In an earlier post, Tornado Sightings, I wrote about the importance of keeping an eye on macro trends.
Macro trends are big social and economic shifts – technology, consumer demographics, culture, or historical turnings – that can reshape markets and create big new opportunities. When you pay attention to the horizon, you can see macro trends coming your way and have time to prepare for and capitalize on them.
In the natural world, scientists are making it easier than ever to tell if a tornado will hit. The National Weather Service has an experimental strategy, Warn on Forecast, which allows forecasters to issue warnings before storms form, based on high-resolution satellite imagery, radar data and surface observations. This data is fed into a very high-resolution weather model that is run every 15 minutes for a period of time on storms of interest or for areas that could produce storms. The net benefit is that citizens have a lot longer time to respond.
But we don’t have early warning systems in the business world (at least, not this accurate). And not every macro trend we see in the business world requires a full-out corporate response. As marketers we need to evaluate trends and decide what to do about them.
An approach I have found helpful is inspired by how communities respond to real tornadoes: spot the trend, describe it, understand it, predict its impact, and act.
Ten questions to assess macro trends
1. Where do trends ultimately affecting my business tend to start? (spot)
If you track back previous trends that have had an impact on your business, you can to identify some of the sources of these trends. What past trends can you trace back to their beginnings? Is there a pattern?
2. What are the warning signs? (spot)
Consider what early signs you could look for and how to measure them, to get further ahead of what’s happening. For example, if you want to know what’s coming to your grocery store in the next year or two you might want to attend the Aspen Food & Wine Magazine Classic.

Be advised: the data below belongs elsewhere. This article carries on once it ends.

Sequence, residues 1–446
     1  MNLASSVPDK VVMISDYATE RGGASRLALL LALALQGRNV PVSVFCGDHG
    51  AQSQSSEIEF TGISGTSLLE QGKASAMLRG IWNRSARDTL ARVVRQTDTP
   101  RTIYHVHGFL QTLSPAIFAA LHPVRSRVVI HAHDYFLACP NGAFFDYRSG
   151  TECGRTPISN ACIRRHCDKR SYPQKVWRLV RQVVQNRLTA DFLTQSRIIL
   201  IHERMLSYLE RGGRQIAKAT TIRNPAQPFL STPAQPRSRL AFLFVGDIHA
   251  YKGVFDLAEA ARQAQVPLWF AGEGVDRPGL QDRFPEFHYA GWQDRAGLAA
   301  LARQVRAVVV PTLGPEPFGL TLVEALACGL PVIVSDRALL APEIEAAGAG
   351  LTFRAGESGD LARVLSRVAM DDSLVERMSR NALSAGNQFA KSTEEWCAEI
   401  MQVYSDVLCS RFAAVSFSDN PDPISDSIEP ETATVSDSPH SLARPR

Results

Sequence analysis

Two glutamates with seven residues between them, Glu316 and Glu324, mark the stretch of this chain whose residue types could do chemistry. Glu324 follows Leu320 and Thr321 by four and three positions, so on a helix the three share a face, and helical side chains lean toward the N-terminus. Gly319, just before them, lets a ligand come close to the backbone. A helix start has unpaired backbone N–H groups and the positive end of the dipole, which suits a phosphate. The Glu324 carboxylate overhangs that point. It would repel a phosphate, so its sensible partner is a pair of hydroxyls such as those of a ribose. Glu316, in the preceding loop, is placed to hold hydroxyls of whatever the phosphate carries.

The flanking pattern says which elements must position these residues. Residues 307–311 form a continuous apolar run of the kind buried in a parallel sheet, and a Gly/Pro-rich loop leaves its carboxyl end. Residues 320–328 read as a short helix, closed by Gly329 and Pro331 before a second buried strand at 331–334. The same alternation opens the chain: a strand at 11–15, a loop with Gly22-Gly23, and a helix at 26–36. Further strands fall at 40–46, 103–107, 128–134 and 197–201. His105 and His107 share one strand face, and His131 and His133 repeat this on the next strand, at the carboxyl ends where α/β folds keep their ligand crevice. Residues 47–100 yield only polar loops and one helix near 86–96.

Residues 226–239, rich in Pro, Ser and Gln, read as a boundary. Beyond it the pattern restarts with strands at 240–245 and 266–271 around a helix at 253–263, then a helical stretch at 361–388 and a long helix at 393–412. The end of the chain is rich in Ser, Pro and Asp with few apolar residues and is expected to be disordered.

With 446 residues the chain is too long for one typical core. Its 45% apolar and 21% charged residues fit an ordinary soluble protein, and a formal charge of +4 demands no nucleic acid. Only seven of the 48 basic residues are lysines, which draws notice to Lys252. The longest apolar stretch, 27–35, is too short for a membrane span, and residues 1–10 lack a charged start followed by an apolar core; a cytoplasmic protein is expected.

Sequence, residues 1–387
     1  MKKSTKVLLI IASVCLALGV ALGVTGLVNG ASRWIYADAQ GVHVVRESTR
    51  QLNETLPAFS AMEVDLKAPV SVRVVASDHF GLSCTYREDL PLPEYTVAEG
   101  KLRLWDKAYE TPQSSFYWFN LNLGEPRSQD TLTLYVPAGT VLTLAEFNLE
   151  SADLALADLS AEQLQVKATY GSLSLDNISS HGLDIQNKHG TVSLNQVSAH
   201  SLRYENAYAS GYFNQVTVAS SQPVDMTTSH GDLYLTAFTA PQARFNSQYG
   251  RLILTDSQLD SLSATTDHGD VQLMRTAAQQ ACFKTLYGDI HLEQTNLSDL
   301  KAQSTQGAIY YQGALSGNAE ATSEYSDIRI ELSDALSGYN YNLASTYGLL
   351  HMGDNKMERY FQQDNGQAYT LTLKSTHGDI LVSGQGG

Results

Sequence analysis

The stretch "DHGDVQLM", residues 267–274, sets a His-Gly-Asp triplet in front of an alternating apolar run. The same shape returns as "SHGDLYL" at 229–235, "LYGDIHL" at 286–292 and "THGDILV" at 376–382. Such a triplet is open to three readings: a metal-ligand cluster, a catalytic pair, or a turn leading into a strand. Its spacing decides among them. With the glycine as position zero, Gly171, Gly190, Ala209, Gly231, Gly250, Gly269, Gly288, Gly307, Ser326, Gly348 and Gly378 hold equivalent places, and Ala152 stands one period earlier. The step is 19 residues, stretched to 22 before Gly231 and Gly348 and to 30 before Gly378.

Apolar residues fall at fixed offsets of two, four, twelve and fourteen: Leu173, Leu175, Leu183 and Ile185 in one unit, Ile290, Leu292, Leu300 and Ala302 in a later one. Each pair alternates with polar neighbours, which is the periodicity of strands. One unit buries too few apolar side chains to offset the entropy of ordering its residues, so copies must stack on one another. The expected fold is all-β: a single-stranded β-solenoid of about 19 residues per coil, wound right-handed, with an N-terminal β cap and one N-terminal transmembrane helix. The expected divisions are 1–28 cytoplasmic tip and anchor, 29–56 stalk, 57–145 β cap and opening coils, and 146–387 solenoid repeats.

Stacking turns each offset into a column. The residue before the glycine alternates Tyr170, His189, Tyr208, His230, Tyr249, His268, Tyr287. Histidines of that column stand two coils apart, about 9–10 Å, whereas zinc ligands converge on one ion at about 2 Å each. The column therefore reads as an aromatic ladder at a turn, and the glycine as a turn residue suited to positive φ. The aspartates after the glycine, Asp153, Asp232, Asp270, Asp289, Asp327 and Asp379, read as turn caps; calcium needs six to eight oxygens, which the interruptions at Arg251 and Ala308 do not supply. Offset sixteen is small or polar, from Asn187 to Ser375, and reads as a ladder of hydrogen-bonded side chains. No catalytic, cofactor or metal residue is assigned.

3. What trend do we see on the horizon? (describe)
How would you describe the trend? It might be expressed as a new interest, an emerging concern, or a major shift in consumer attitudes or behaviors.
4. What are the roots of this trend? (understand)
Consider the history of the trend and its causes or inspirations. Is this trend sparked by a single event, or is it part of a major historical cycle?
5. How fast is it developing / gaining in popularity? (understand)
Are opinion leaders embracing this trend? Does the trend appear “sticky”?
Diffusion of Innovations theory tells us that when about 16% of the population adopts a new innovation, it reaches a tipping point where people think “everyone is doing it” and adoption accelerates.
6. Who or what will be affected? (understand)
Consider who, and how many, will be affected. Will this trend impact your core customers? What other important constituencies, such as strategic partners, will be affected?
7. What will happen – good or bad – when the trend does take hold? (predict)
Role play what would happen to those affected if the trend takes hold. What’s the initial impact likely to be? What follow-on impacts will this cause, in turn? What scenarios can you envision?
8. What are the likely consequences? (predict)
What are the benefits or how serious will the negative consequences be if the trend takes hold on a large scale? If they are significant and long lasting, the trend requires a response.
9. What to do about it? (act)
There are four main strategies for responding to trends: embrace, counter, deflect, or ignore. If you believe the trend will stick, and your company is likely to benefit, consider associating with the trend and building products or services to further capitalize on it. If the trend is likely to threaten your business you can argue against it (counter) or try to change the conversation (deflect). But if your most important constituencies aren’t affected, consider masterly inaction (ignore).
10. How shall we do it? (act)
Once you decide on your overall strategy, now you have the task of forming a specific plan and assigning people and resources. Even if you have decided to ignore at trend, you’ll still need to communicate your reasoning to your constituencies.
In the natural world, when a tornado hits, your range of actions is pretty limited: hope it doesn’t touch your neighborhood, try to out run it, or retreat to your underground bunker.
In business, we have more options, as long as we take a careful look at the trends coming our way. I hope the questions above will help you evaluate and respond more effectively.
What’s your process for evaluating macro trends? I’d love to hear.
This post was originally published by the American Marketing Executive Circle.